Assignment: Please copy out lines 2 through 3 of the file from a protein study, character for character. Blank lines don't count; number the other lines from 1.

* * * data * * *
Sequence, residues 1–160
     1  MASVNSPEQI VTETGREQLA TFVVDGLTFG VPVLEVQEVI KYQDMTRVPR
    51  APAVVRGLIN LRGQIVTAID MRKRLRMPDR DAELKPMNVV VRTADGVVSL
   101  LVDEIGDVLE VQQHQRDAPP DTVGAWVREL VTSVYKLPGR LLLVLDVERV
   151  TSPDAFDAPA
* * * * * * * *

     1  MASVNSPEQI VTETGREQLA TFVVDGLTFG VPVLEVQEVI KYQDMTRVPR
    51  APAVVRGLIN LRGQIVTAID MRKRLRMPDR DAELKPMNVV VRTADGVVSL